That war show why Americans need to proceed with caution on Syria and Iran.
In 2003, President George W. Bush and Paul Wolfowitz, the deputy defense secretary, used the attacks on Sept. 11, 2001, to wage preemptive war against Saddam Hussein and a nuclear arsenal that did not exist. They promised a “free and peaceful Iraq” that would be a model of democracy and stability in the Arab world.
Iraq is a reminder of the need for political leaders to ask the right questions before allowing military action and to listen honestly rather than acting on ideological or political impulses. Bush led the war, but Democrats as well as Republicans in Congress endorsed it. Iraq also shows the limits of America’s influence in regions where sectarian enmity remains strong and where democracy has no real history.
That experience is informing American policy judgments more generally. It has affected decisions about Syria, where President Obama has been right to move cautiously. For a long time the Syrian opposition was divided, and it was hard to know which group, if any, deserved help.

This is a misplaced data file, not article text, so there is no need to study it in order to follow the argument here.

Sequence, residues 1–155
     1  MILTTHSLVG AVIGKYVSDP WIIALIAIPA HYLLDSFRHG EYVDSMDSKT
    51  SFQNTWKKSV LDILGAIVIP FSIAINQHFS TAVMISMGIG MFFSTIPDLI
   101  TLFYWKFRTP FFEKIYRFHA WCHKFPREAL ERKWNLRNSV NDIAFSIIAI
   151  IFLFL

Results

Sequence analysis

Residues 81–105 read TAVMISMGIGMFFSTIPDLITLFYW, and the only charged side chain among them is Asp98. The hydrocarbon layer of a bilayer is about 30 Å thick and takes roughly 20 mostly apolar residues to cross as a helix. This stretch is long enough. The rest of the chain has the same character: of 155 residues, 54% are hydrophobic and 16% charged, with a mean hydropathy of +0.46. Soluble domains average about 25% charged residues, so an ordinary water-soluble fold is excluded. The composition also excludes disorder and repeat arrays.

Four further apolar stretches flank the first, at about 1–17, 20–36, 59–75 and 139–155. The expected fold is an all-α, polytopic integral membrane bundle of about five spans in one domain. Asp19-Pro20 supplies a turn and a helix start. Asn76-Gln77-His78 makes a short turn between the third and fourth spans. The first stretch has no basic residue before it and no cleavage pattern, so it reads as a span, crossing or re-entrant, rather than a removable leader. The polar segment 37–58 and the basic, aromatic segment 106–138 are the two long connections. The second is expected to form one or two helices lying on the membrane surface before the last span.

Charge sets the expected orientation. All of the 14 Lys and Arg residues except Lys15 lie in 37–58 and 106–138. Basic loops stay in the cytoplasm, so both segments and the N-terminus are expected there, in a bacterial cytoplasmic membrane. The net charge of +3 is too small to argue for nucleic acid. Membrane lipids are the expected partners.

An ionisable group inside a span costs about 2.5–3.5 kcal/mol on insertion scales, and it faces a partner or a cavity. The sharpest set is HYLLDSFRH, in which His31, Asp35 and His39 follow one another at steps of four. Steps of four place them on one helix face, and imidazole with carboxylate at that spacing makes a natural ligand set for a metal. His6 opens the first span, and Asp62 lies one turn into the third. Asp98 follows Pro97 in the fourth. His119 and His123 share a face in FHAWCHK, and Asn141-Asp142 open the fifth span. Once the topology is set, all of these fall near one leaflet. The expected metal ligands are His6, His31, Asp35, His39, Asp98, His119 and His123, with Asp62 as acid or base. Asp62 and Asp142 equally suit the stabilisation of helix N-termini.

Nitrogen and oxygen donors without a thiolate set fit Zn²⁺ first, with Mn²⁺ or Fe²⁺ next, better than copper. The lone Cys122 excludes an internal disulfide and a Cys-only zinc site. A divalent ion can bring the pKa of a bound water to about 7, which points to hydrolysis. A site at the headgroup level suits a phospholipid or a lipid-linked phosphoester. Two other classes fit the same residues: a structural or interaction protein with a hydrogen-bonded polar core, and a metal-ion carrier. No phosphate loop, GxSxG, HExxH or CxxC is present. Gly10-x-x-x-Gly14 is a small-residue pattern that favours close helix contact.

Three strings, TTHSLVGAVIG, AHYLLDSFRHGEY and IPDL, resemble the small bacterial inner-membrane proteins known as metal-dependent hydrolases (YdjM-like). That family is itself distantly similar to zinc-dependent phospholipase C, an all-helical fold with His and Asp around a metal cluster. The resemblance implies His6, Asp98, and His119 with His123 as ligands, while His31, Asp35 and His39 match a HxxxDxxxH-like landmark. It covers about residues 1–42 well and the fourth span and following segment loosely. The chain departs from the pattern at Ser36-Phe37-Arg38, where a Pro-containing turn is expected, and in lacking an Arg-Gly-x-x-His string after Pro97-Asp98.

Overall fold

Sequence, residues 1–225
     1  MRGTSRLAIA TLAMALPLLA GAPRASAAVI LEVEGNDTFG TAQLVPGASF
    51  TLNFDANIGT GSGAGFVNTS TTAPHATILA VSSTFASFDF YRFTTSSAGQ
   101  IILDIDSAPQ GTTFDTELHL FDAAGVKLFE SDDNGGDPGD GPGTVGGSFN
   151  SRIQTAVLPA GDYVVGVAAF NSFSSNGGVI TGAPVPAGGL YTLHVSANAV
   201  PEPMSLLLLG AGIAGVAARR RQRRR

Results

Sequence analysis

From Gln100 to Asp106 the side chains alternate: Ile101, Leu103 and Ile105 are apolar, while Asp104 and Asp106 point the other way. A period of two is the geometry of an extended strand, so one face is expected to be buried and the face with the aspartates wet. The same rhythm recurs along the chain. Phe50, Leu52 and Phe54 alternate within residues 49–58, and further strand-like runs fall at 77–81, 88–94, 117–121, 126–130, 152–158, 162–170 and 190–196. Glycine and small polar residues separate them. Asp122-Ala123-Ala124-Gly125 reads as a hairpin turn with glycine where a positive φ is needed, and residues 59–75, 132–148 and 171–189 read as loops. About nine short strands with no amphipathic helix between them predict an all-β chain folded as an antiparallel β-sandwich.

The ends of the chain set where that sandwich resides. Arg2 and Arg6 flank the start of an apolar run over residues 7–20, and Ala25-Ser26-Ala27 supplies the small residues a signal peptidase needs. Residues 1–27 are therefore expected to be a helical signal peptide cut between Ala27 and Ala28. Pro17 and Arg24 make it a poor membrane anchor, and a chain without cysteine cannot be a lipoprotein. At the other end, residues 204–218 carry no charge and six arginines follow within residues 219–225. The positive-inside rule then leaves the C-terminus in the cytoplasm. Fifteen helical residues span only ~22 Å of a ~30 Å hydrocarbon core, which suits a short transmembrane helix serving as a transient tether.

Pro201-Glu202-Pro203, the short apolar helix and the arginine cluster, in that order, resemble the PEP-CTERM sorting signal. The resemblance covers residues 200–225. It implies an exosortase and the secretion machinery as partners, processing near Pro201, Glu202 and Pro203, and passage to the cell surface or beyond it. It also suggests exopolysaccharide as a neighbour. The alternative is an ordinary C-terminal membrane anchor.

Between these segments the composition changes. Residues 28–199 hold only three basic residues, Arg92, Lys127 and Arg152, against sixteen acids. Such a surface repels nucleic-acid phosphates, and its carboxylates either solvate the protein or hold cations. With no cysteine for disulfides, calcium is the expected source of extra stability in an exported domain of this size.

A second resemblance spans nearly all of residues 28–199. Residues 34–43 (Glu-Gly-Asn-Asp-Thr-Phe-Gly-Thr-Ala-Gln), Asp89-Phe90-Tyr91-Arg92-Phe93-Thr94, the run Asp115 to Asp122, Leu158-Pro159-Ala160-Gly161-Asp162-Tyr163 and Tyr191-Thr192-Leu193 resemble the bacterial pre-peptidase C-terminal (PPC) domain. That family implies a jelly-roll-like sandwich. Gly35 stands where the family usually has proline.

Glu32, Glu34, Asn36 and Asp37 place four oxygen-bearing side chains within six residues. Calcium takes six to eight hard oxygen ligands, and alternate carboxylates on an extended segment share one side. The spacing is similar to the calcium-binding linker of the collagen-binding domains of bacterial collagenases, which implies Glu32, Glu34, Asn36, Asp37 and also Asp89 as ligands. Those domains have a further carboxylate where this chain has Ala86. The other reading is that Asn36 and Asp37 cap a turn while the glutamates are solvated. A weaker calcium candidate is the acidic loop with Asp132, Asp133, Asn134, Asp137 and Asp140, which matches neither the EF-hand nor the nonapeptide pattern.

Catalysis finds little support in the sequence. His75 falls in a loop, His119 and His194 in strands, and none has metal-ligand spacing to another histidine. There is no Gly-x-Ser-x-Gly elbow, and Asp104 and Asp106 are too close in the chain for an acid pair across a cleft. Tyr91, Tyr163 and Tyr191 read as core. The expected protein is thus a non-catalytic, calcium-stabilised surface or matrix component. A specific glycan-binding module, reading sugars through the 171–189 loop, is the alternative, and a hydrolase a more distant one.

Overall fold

But with the Syrian conflict in its third year, the fighting has already spilled over the borders, destabilizing its neighbors, even as Al-Qaida-affiliated rebels play a bigger role. The reasons for opposing direct American involvement in Syria remain strong, but the United States needs to calibrate its policies continually and should not allow the Iraq experience to paralyze its response to different circumstances.
The lessons of Iraq, however, seem to fade when it comes to Iran. Many of the conservatives who strongly supported the charge into Iraq are fanning calls for U. S. military action to prevent Iran from acquiring a nuclear weapon. Obama has also been threatening “all options” if negotiations to curb Iran’s ambitions are not successful, and many lawmakers seem ready to take action against Iran soon.
The Iraq war was unnecessary, costly and damaging on every level. It was based on faulty intelligence manipulated for ideological reasons. The terrible human and economic costs over the past 10 years show why that must never happen again.